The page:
Mass return: Wisconsin dioceses lift Sunday dispensation

CNA Staff, Sep 1, 2020 / 01:30 pm (CNA).- From this weekend, Catholics living in Wisconsin will once again be required to go to Mass on Sunday, provided they are healthy and not at risk for coronavirus.

“With new measures now firmly in place to promote and preserve the safety of those attending public Mass, it is with elation that the bishops of Wisconsin have announced plans to end the dispensation from the Sunday Mass obligation in September 2020,” said a statement from the Wisconsin Catholic Conference, released August 31.

The Wisconsin Catholic Conference speaks on behalf of the 10 current and retired bishops, auxiliary bishops, and archbishops of the state’s five Catholic dioceses.

The bishops noted that “in recent months, dioceses and parishes throughout the state have been able to resume public worship by adhering to strict safety standards and by restricting access to services for those who are symptomatic, sick, or at risk of serious illness,” yet there was still no obligation in place to actually go to Mass.

Despite the restored obligation, not everyone will be required to go to Mass, and who is still exempt from the obligation will be up to the individual dioceses. The dioceses will separately announce when they have lifted the dispensation, said the release, and the dioceses will clarify in these proclamations who is not required to attend Mass.

“As pastors, the bishops of Wisconsin encourage all who are healthy to seek the healing presence of Christ the Bread of Life through a return to Mass,” said the statement.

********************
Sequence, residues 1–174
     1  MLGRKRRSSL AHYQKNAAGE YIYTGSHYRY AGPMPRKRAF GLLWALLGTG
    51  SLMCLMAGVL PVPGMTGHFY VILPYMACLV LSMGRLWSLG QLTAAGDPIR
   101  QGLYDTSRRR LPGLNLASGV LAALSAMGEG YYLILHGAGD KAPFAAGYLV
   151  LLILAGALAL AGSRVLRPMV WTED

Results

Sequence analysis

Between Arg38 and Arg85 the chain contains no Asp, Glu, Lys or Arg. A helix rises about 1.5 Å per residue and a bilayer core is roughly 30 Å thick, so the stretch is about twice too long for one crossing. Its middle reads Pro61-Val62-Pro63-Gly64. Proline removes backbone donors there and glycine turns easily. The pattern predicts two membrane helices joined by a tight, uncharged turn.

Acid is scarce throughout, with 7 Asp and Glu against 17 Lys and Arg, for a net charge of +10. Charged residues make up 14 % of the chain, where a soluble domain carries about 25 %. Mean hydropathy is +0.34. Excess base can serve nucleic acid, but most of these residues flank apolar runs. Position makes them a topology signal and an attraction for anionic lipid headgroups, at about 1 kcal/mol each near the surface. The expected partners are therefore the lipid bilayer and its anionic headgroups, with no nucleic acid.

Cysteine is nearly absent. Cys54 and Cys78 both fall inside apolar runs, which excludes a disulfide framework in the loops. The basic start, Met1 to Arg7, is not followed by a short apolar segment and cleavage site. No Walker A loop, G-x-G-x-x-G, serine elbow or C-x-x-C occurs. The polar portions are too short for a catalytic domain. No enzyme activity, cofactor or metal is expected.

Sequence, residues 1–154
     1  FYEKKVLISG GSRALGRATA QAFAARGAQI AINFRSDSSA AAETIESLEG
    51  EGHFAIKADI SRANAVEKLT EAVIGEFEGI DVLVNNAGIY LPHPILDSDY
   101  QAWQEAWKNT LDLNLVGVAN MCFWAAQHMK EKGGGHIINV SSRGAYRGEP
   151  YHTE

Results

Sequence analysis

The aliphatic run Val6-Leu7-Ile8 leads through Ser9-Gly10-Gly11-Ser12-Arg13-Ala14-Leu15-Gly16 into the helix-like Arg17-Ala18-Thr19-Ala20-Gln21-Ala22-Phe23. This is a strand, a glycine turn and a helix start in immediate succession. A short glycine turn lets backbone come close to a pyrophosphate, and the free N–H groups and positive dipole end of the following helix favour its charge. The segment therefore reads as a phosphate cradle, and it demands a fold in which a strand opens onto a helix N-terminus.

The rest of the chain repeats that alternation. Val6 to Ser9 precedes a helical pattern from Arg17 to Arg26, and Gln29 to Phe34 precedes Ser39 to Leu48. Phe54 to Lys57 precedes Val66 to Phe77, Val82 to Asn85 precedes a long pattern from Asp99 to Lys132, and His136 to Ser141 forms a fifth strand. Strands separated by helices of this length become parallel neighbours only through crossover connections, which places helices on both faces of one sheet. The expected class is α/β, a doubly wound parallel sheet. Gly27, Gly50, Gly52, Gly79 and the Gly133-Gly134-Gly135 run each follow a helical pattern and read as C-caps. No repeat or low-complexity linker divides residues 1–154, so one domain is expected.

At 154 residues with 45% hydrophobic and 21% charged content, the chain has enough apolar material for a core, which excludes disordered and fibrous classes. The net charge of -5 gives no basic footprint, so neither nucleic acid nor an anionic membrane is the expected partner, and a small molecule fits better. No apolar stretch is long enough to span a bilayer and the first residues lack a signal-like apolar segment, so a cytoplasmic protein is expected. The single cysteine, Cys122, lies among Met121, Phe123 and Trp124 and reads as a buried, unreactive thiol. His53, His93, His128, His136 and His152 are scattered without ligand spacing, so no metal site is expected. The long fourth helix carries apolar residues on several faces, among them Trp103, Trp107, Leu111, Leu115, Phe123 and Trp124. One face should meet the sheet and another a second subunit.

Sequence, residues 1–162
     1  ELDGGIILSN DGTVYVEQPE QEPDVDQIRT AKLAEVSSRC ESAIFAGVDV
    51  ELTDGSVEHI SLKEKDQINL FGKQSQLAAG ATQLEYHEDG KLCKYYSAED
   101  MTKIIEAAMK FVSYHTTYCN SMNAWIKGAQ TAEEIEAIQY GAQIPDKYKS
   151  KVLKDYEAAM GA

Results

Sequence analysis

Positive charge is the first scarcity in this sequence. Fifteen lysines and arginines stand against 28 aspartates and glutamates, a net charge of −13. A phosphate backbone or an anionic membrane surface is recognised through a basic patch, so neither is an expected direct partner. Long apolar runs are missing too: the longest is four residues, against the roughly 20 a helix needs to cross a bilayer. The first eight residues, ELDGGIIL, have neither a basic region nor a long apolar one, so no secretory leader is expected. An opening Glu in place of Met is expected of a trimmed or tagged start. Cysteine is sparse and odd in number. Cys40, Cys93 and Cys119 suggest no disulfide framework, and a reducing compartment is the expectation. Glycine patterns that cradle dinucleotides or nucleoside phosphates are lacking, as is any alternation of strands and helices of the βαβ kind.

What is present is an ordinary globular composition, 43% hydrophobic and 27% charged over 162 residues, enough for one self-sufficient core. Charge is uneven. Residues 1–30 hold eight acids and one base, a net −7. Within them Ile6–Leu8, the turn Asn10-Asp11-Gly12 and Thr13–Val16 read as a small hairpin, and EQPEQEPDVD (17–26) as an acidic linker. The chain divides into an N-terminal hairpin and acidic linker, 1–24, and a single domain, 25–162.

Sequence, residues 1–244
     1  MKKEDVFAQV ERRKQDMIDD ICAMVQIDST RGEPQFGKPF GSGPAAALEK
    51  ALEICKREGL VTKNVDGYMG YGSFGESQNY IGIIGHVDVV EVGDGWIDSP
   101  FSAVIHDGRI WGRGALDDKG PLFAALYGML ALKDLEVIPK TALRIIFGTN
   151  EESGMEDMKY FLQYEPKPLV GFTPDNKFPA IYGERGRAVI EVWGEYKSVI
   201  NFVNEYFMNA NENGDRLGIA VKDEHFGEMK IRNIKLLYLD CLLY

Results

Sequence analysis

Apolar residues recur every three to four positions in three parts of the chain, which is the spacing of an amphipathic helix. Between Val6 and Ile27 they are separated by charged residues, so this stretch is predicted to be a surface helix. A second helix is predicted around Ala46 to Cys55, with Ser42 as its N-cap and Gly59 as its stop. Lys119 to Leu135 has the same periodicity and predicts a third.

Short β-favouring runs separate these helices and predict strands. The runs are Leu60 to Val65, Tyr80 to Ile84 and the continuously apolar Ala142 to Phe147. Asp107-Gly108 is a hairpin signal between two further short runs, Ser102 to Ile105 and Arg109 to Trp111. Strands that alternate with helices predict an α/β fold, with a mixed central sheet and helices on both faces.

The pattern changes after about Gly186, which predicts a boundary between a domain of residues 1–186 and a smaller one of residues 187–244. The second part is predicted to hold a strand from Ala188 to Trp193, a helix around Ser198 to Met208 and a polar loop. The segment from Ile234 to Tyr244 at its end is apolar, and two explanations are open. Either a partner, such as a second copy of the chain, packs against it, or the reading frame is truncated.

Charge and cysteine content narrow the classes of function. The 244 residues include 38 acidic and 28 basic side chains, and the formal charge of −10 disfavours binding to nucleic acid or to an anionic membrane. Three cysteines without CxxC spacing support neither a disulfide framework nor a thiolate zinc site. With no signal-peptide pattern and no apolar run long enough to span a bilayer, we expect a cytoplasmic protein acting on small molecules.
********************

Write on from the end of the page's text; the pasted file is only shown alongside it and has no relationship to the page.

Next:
The Sunday obligation has been dispensed throughout Wisconsin, as has been in most states, since the start of the coronavirus pandemic in mid-March.

While most areas have resumed some form of public worship in recent months, only the Diocese of Sioux Falls in South Dakota had, so far, lifted the dispensation and is requiring healthy Catholics to attend Mass.

The Catechism of the Catholic Church states that “The Sunday Eucharist is the foundation and confirmation of all Christian practice. For this reason, the faithful are obliged to participate in the Eucharist on days of obligation, unless excused for a serious reason (for example, illness, the care of infants) or dispensed by their own pastor.”

Failure to do so, without a “serious reason,” is considered to be a mortal sin.

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  1. Unless all the restrictions– masks, anti-social distancing, advance reservations and capacity– are removed, this amounts to bishops talking out of both sides of their mouths. You can’t say, “welcome, but we’re still treating you like lepers, and if too many of you come we’re sending you packing.” They’re still trying to have their cake and eat it too, and it won’t wash. They have to challenge the mass insanity and the prevailing anti-social attitudes head-on, or else people just won’t care and stay home, which is probably what will happen– because that’s what most people have been doing for decades anyway. They simply must choose between serving God or serving coronavirus, government, and insanity; there is no other way.

  2. Do the people of Kenosha need to return? It’s pretty violent in the streets; that is certainly a good reason.
    I agree with Andrew S, the masks and social distancing need to be done away with.

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